Is it time for America to recognize Saint Patrick’s Day for the very special day it is and give it a public holiday?
Happy St. Patrick’s Day – the once-a-year occasion when the more than 70 million people of Irish descent around the world (and a good few of their friends) celebrate Ireland’s patron saint and all things Irish. Like this year, 2020, back in 2016 St. Patrick's Day fell during the week so those of us with 9-5 Monday to Friday jobs, that aren't affected by the COVID-19 aren't in the position for a full day of celebrations like we might usually.
Ordinarily, March 17 is a public holiday in Ireland, with schools, and offices closed for a day of celebration. It is also a public holiday on the Caribbean island of Montserrat, and, interestingly, in Suffolk County, Massachusetts.
With 34.4 million Americans of Irish descent, should St. Patrick’s Day be recognized as a public holiday?
Muslim and Chinese holidays observed in NYC - why is Saint Patrick's Day not a US public holiday?
It’s a tricky question. In New York City, it was announced in March 2015 that schools will begin closing for the Muslim holidays of Eid ul-Fitr and Eid ul-Adha during the 2015 – 2016 school year.
This decision, welcomed by the city’s Muslim population, spurred leaders from New York’s Chinese community as well as a number of elected officials to petition for the Lunar New Year to be a school holiday as well and they were finally granted their request in February 2016.
"Acting on the mayor’s pledge is critical so that students no longer have to choose between their most important cultural holiday and missing class, and to acknowledge the city's ongoing change," State Sen. Daniel Squadron (D-Manhattan) said in a statement.
The very same words could apply to St. Patrick’s Day – the most important day for the Irish community in the US.
The question of a public holiday on the Catholic feast day was very much given attention again in the run-up to March 17 in 2016, as Irish-American teachers make a move to reschedule parent/teacher conferences due to take place on that day.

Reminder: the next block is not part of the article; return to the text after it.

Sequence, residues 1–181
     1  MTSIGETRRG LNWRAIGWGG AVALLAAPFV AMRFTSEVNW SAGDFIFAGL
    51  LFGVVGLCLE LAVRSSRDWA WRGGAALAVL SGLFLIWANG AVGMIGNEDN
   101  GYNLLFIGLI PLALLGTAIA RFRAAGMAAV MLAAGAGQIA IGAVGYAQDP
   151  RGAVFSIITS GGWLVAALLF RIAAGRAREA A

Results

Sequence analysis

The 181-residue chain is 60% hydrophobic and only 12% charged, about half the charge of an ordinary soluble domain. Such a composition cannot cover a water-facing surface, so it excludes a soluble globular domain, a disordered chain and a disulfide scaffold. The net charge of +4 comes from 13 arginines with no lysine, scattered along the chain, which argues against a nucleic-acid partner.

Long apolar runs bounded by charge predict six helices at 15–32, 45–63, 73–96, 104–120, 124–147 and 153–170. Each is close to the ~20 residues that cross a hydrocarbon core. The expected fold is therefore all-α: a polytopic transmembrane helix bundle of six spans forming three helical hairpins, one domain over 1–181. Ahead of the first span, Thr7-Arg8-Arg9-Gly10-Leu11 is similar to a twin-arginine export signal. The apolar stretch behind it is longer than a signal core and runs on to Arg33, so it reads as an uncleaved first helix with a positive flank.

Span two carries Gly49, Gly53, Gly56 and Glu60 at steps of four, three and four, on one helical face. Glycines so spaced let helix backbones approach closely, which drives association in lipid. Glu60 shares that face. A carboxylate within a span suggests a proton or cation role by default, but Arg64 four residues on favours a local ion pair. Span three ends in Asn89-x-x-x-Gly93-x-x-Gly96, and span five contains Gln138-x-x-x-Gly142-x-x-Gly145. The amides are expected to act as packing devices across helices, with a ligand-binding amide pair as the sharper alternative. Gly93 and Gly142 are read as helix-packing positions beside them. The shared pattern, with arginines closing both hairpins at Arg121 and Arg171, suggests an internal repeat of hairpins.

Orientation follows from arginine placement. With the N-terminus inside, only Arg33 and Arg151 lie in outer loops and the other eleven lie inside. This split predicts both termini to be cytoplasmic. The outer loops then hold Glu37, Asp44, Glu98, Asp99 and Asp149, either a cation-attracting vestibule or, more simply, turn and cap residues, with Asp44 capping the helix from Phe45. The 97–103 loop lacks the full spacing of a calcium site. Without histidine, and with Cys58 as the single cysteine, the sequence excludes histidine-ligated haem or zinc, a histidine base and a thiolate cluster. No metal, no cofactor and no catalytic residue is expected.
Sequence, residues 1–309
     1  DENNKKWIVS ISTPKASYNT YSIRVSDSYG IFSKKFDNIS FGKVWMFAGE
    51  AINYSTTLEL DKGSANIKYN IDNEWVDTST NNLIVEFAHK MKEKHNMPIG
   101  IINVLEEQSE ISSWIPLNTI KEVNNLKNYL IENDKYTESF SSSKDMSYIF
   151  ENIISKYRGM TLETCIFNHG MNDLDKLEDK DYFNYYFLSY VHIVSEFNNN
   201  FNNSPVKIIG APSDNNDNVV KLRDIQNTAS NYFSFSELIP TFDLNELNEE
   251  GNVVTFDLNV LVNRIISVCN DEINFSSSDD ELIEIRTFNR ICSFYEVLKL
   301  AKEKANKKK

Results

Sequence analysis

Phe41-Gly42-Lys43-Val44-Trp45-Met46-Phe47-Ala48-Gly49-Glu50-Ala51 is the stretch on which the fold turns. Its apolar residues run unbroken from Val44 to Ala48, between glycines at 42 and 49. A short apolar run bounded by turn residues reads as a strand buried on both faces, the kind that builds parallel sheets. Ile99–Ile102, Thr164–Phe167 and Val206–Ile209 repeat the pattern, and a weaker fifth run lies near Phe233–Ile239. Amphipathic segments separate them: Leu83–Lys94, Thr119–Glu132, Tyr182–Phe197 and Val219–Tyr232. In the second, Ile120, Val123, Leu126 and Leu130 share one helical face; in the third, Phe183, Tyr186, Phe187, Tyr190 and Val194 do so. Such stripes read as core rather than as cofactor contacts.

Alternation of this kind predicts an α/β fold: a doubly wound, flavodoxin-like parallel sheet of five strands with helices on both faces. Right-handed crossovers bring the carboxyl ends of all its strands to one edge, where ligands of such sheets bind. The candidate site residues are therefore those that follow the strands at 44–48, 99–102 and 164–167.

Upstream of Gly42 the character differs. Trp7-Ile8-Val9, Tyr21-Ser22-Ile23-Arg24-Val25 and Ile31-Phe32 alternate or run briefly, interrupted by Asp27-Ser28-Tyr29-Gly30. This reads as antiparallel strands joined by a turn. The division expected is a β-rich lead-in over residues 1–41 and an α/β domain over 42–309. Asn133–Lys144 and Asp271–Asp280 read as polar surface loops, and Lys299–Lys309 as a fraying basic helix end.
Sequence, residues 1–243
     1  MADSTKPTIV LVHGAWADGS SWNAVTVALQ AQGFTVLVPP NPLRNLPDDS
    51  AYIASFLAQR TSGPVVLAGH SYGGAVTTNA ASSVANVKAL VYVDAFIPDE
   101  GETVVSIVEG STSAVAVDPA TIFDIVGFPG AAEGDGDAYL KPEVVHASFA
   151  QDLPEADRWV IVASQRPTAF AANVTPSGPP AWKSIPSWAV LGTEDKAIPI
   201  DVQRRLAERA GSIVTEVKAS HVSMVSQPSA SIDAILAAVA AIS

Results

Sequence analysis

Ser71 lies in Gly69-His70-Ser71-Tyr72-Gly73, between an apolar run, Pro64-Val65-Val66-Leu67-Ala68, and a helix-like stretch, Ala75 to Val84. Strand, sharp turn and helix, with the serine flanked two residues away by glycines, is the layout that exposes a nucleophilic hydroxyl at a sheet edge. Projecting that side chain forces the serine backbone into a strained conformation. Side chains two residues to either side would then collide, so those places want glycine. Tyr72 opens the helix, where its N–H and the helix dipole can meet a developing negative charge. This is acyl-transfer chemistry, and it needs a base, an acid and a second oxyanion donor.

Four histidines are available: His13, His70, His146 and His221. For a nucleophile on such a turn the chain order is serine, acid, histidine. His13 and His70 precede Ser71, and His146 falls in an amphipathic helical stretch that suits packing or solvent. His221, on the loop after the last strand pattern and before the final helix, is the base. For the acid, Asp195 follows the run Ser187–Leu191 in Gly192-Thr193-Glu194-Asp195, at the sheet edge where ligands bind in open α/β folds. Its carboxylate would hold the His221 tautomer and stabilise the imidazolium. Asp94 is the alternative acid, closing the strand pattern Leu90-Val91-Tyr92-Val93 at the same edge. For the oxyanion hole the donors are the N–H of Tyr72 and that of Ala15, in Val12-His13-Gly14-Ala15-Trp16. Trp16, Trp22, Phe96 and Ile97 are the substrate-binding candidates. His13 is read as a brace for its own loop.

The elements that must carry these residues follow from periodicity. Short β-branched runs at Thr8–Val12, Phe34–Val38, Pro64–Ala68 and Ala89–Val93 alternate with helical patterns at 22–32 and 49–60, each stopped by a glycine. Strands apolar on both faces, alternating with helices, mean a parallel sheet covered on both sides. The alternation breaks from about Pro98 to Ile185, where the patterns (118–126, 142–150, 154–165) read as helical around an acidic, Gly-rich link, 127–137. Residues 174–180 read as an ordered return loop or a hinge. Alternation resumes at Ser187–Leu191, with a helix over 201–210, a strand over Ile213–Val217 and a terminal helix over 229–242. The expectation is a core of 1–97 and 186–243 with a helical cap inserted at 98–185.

In February 2016, a New York teacher filed a legal complaint with the NYC Human Right Commission over the parent/teacher conferences stating that “The insensitive scheduling of parent-teacher meetings on March 17th has put me in an untenable position of choosing between my ethnic and religious heritage and my duty to help my students."
Frank Schorn, who serves as Vice-Chair of the Emerald Isle Immigration Center, filed a complaint with O’Dwyer and Bernstein law firm, in which he voiced his disappointment at being forced to abandon celebrations. “I foresee being prevented from attending any Irish cultural events on March 17th,” he said.
Before the complaint was officially filed, the Emerald Isle Immigration Center, speaking on behalf of Irish-American teachers, also sent letters to the Department of Education and Schools Chancellor Carmen Farina calling on her to reschedule the conferences.
Official US public holiday or not, St. Patrick's Day has often been a day to leave work or school early.
It is a hard decision. I remember well St. Patrick’s Day when I was in elementary school. My mother, whose employer was Irish, always had the day off, so she would pick me up from school at lunchtime to cheer on the NYC St. Patrick’s Day parade as it marched down Fifth Avenue.
I was always excited to celebrate Paddy’s Day Irish pride, bringing shamrock stickers to hand out to my classmates. I felt special and cheekily delighted at being able to leave school early, but also anxious knowing I would be marked “Absent” and that I’d be missing out on half a day of classes.
St. Patrick’s Day toes an interesting line as a Catholic feast day that has been largely embraced as a secular celebration. While it doesn’t hold the same widespread religious importance as Christmas does to Catholics or as Eid ul-Fitr does to Muslims, its value to the Irish community is undeniable. It’s our once-a-year-day, and we should all be able to celebrate – and bring our friends of other backgrounds along.
So rather than Suffolk County ending its March 17 tradition, I think more counties and states across the US should take a page out of their book.
Suffolk County’s story is instructive: In 1941, the then-governor Leverett Saltonstall signed a bill in green ink proclaiming March 17 a legal holiday - officially in recognition of Evacuation Day, the day the British evacuated Boston in 1776.
However, according to a 2010 story by Boston station WBUR, it’s long been suspected that there were ulterior St. Patrick’s Day motives behind the decision, which decreed that “state as well as municipal offices and schools in Boston, Chelsea, Revere, and Winthrop – the communities that compose Suffolk County – are all closed for the holiday. Private businesses remain open.”
The bill has received waves of criticism over the years, with the most recent governor of Massachusetts, Deval Patrick, at one point seeking to revoke March 17’s status as a public holiday.
But was Suffolk County on to something? St Patrick’s Day is special to so many not just in Massachusetts. It is an idea that should be thoroughly discussed.
What do you think? Should St. Patrick’s Day be a public holiday in the US? Do you currently miss work or keep your kids out of school for the day in order to celebrate? Share your thoughts in the comment section at the bottom of the page.
* Originally published in 2016.